Lead investigator of the study, Lauren Abbate says, “We hear a lot of messages about how obesity affects cardiovascular disease and diabetes, but arthritis is often overlooked. Osteoarthritis is painful and debilitating. Effective treatments are limited and there’s not a cure. But if we can get people to lose weight we may reduce their risk and reduce the pain and disability associated with this condition.
Researchers used data from the Johnston County Osteoarthritis Project, one of the largest ongoing population-based studies of arthritis in the world. Included in the study were nearly 1,500 men and women aged 45 and older who were disease-free in at least one knee. They were followed for six years to see who developed x-ray confirmed osteoarthritis – almost two thirds were women and more than 25 percent were African Americans.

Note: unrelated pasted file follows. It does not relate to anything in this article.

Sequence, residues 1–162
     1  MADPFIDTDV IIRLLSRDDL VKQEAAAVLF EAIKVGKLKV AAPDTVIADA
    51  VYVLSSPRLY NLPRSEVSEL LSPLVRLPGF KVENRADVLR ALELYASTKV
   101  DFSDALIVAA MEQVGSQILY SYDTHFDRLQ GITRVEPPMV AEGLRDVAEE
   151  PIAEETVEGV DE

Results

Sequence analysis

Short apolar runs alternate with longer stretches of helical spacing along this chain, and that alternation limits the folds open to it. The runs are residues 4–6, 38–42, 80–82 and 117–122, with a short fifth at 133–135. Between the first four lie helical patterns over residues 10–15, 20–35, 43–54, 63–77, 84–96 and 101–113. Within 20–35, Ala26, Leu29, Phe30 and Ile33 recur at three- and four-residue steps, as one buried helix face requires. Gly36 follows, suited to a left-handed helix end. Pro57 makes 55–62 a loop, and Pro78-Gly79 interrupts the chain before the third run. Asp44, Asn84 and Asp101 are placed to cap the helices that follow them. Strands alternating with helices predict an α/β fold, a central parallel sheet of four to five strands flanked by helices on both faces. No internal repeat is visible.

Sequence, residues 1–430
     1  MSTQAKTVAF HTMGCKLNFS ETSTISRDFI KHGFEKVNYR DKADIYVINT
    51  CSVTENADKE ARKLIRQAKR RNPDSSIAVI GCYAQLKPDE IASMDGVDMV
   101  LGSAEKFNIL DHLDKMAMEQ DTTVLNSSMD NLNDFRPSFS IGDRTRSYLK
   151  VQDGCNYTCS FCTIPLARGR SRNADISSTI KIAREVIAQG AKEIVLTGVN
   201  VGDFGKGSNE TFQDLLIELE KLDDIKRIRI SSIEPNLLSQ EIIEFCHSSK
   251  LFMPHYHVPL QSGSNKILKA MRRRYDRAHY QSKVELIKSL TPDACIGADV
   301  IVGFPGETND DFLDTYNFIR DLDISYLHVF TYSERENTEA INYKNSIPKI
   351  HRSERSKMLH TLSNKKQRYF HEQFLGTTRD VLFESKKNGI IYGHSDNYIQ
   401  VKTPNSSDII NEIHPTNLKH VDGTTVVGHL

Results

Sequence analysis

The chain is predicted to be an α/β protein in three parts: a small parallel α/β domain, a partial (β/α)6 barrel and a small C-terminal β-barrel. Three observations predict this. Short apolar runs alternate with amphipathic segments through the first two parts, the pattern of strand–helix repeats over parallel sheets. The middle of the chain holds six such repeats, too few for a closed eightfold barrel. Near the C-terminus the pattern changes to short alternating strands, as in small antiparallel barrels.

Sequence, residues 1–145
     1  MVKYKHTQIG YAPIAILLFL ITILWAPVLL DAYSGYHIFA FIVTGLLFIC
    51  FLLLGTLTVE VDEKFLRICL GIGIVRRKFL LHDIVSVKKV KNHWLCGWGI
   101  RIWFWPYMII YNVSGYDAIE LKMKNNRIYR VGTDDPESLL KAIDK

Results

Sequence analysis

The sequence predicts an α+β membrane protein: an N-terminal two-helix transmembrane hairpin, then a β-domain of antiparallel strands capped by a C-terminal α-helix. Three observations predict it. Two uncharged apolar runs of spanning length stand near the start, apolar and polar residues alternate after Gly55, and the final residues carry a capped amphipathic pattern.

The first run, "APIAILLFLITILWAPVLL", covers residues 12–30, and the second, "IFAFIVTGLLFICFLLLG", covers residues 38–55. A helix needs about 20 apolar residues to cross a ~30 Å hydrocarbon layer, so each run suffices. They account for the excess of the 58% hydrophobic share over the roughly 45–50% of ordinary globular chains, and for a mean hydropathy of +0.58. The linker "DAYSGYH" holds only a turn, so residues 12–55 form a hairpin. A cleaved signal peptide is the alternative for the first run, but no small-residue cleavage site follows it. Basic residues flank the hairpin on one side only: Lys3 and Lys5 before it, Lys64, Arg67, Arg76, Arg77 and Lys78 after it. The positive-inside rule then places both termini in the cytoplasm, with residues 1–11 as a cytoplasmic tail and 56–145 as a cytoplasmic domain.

Researchesr then divided people into categories based on weight change: people who lost 5 percent or more of their total body weight, people who maintained within 3 percent above or below their weight, and people who gained 5 percent or more than their weight. Abbate adds, “It was our hope that people who maintained weight would have reduced risk, but obesity is such a strong risk factor for OA, that maintaining weight shoed no significant benefit.”
Weight loss can be difficult for many to achieve. But, Abbate claims that people can aim for losing a certain percentage of their weight instead of shooting for an ideal number. She says, “For someone who weighs 200 pounds, losing 5 percent just means losing 10 pounds.”